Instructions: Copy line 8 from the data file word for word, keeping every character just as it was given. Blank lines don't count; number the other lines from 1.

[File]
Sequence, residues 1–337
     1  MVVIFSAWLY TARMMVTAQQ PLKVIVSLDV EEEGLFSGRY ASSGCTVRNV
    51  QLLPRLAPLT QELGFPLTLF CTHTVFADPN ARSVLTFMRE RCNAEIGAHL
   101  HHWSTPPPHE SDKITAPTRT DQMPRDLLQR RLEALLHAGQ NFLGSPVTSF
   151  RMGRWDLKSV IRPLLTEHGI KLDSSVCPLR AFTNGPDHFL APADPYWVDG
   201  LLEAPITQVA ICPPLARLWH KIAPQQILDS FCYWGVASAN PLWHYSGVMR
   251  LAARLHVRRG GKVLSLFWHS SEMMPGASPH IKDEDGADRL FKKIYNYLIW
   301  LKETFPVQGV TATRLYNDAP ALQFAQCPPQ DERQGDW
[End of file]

   301  LKETFPVQGV TATRLYNDAP ALQFAQCPPQ DERQGDW